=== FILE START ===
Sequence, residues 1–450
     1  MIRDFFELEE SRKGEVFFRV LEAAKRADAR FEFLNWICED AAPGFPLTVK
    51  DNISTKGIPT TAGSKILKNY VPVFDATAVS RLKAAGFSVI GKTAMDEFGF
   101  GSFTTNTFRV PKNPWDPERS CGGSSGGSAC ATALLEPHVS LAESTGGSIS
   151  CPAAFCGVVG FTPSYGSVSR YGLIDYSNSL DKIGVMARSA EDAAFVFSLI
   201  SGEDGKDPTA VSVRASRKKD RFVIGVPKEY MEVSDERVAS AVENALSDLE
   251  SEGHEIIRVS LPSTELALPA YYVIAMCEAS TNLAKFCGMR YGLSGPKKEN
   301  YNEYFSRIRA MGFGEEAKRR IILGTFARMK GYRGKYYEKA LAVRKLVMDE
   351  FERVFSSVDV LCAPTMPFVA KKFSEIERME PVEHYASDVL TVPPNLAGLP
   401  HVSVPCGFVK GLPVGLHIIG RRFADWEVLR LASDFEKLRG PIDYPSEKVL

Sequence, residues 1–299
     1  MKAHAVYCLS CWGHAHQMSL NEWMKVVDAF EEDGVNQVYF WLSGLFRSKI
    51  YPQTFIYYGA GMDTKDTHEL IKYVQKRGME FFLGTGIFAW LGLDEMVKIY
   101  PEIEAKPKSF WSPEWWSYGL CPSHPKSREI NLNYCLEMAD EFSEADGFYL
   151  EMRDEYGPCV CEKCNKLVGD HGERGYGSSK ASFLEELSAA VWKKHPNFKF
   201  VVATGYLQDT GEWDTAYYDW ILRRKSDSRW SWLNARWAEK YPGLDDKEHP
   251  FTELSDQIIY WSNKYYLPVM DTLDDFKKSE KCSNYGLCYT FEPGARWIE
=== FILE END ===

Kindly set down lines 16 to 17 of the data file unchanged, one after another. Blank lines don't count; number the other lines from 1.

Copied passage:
   201  VVATGYLQDT GEWDTAYYDW ILRRKSDSRW SWLNARWAEK YPGLDDKEHP
   251  FTELSDQIIY WSNKYYLPVM DTLDDFKKSE KCSNYGLCYT FEPGARWIE